Industrial-Sized Selling Opportunities

Ways to tap into the industrial marketplace.

Maryland, New Hampshire, South Dakota, Maine and Delaware are among the states with the highest concentration of workers in this sector while the top-paying states consist of Alaska ($53,000 annually), the District of Columbia ($49,320 annually), Massachusetts ($49,270 annually), Hawaii ($48,840 annually) and Connecticut ($46,810 annually).

An estimated 53,000 millwrights earned around $46,000 last year installing, dismantling, or moving machinery and heavy equipment according to layout plans, blueprints or other drawings.

Arkansas, Indiana, Maine, Michigan and Ohio ranked among the highest paying states—millwrights earned between $43,000 and $58,000 annually.

Another strong area for mechanics—and in turn, tool sellers—is elevator installations and repairs. Mechanics held roughly 21,000 positions in jobs that installed, repaired and maintained elevators, escalators, dumbwaiters and moving walkways.

Mechanics earned roughly $26 per hour, with the highest percentage earning between $20 and $32 per hour, while the lowest 10 percent of the industry earned less than $14.60 per hour, according to the National Association of Elevator Contractors in Georgia.

Job growth should remain strong with mechanics seeking employment with elevator manufacturers, wholesale distributors, elevator maintenance and repair contractors, government agencies and businesses that do their own elevator maintenance and repair.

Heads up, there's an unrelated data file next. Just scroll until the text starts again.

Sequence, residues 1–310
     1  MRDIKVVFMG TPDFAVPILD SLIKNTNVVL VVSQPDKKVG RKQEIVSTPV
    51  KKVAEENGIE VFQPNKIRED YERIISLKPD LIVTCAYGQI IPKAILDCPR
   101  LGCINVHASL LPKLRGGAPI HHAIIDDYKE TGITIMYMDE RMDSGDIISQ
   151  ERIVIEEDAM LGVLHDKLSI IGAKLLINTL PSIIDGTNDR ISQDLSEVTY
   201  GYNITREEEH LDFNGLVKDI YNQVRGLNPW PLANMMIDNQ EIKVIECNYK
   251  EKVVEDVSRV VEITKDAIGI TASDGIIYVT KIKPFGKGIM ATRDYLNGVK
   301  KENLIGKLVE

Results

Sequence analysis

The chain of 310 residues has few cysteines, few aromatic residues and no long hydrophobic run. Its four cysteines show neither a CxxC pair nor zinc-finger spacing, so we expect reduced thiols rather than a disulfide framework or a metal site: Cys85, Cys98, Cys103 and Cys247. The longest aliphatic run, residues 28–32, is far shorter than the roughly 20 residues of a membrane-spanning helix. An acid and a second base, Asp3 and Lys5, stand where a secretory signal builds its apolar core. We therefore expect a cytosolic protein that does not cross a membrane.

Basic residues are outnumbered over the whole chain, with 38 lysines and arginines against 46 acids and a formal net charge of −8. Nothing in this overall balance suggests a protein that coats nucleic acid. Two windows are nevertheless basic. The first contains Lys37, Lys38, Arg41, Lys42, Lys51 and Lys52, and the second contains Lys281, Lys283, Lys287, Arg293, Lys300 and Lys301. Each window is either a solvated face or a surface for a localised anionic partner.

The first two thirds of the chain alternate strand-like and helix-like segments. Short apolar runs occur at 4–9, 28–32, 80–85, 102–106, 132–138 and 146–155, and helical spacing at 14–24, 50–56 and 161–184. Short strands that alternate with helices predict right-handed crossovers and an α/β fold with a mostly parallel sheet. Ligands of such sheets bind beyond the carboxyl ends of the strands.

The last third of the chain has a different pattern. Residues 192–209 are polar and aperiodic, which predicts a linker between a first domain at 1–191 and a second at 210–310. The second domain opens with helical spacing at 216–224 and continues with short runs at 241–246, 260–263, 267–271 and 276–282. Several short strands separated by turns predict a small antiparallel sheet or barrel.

Here are five things you can do today to tap into industrial markets to increase your customer count and add sales:

Every industry—crane operation, bridge building, train yards, you name it—has an association that serves those people who work in these fields. Simply Google “industry” plus "association," (i.e. "crane operators" plus "association" got 1.9 million results, a bit much even for the aspired tool seller). Explore the Internet and contact a few associations—most of which have local chapters and are happy to direct you to industry folks.

Check out your local city or county business license department to find out who has recently launched a business. It may take some sleuthing on your part, but it may also be well worth the effort. Here are some points to inquire:

  • Has someone recently launched a business in your route area that caters to repairs and installations in these industries?
  • Have small or mobile mechanics recently started a business catering to any of these industries?
  • Are there any large manufacturing or processing plants located in your region?

Visit your local chamber of commerce and ask similar questions, or even if any chamber members are involved in the industrial field. Chambers of commerce serve business owners like you and are there to make successful connections. They cater to businesses large and small, so don’t be afraid to approach them.

Inquire the mechanics on your route. Ask your customers about their last three jobs, and you may be surprised to learn they worked at a manufacturing facility or an HVAC repair shop prior to their current job. If talking to 250 or more mechanics about their last several jobs seems daunting, create a survey/contest, and anyone who fills out a survey can be submitted in a drawing for a prize.

The last thing you can do today is check the Yellow Pages. Create a list of potential customers, and follow up with a letter of interest along with a date you plan to contact them directly to answer any questions they may have. You may be amazed at the industrial-sized tool and equipment selling opportunities these fields have to offer.

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